The probability the US Congress will ratify the yet-to-be-signed Trans Pacific Partnership (TPP) agreement before 1 July 2015 is 11% (steady), and there remains a 35% probability a deal will be ratified by the US Congress by 1 July 2017, (steady).

Party Vote

All current party leaders, except for Maori Party co-leader Tariana Turia and NZ First Leader Winston Peters, are strongly expected to remain in their roles until nomination day with at least 95% probability. The probability Mr Peters will lead NZ First on nomination day has risen to 94% from 93% last week. The party vote turnout is expected to be 78.3% (up from 76.9% last week), up from the 74.2% turnout in 2011.

Of major parties, National is expected to win 42.6% of the party vote, down from 44.68% last week. Labour has made significant gains and is up to 32.3%, from 28.71% last week, while the Green Party is down fractionally to 10.20%, from 10.24% last week.

Of smaller parties, NZ First is expected to win 5.1% of the party vote, down from 5.7% last week. The Conservative Party’s forecast party vote is down slightly to 3.6% from 3.8% last week, and remains short of the 5% threshold required for parliamentary representation unless it wins an electorate seat. Act is steady on 2.3%, as is UnitedFuture on 0.5%.

The Internet Mana alliance is expected to win 2.0%, down from 2.6% last week, while support for the Maori Party is 0.9%, down from 1.0% last week, and the Aotearoa Legalise Cannabis Party has fallen to 0.2%, down from 0.32% last week.

Electorate Contests

Act’s probability of winning at least one electorate seat is 83%, steady compared to last week, and its expected electorate representation is unchanged on 0.83 MPs. The market is pricing that it has an 84% probability of winning Epsom(down from 85%).

The Conservative Party’s probability of winning at least one seat is 35%, steady, although its expected electorate representation has fallen to 0.35 MPs from 0.37 last week. The Conservatives are not expected to win any specific electorate. Their probability of winning East Coast Bays is 29% (down from 31% last week), their probability of winning Rodney remains 11% (steady), although they have again fallen behind both National and Labour in Upper Harbour where they have just a 7% probability of victory, down from 8% last week.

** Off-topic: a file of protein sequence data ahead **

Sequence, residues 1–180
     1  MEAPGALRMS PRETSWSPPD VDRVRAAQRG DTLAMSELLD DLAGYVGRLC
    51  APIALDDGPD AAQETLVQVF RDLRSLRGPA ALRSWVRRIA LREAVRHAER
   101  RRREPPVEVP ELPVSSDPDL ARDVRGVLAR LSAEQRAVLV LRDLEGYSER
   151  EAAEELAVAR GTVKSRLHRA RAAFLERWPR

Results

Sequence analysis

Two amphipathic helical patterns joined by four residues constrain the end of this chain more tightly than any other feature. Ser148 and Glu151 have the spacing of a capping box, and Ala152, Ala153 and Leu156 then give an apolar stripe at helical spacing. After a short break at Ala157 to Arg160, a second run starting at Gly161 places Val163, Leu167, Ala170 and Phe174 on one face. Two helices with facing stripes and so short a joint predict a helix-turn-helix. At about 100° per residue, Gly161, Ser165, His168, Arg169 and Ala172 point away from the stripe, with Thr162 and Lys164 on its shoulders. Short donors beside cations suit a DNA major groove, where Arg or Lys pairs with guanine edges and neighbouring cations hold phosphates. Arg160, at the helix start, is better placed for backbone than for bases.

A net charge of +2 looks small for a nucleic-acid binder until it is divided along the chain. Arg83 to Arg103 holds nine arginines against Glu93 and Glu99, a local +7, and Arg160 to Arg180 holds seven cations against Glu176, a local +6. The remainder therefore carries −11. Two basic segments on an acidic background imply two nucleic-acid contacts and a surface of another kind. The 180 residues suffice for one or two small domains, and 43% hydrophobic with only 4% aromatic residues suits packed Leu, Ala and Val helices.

UnitedFuture prospects have shifted marginally this week. It has a 78% probability of winning at least one seat (down from 79% last week) and has expected electorate MP representation of 0.79 MPs (up from 0.76). Its probability of winning Peter Dunne’s Ohariu electorate remains 79% (steady).

In the Maori electorates, following its announcement of a formal alliance with the Internet Party, Mana has a 71% probability of winning at least one seat (down from 75% last week) and its expected electorate representation is 1.0 electorate MPs (steady). The Maori Party now has a 60% probability of winning a seat (up from 53% last week) and its expected electorate representation has increased to 0.71 MPs (up from 0.61 MPs).

Mana’s probability of winning Te Tai Tokerau is 71%, down from 75% last week, and the probability it will win Waiariki has fallen to 40% (down from 45% last week) behind Maori Party Leader Te Ururoa Flavell on 57% probability (up from 53% last week). The probability the Maori Party will retain Tariana Turia’s Te Hauauru electorate remains 17% (steady), with Labour favoured to win with 83% probability (steady).

The Greens and NZ First continue not to be expected to win electorate seats.

The six most marginal general seats, excluding Waiariki, East Coast Bays and Te Tai Tokerau are now Hamilton East, Te Atatu, Palmertson North, Port Hills, Tamaki Makaurau and Waimakariri.

In Hamilton East, support for Labour candidate Dr Cliff Allen has slipped (down from 55% last week) and Dr Allen is now deadlocked with National incumbent MP David Bennett on 50% probability.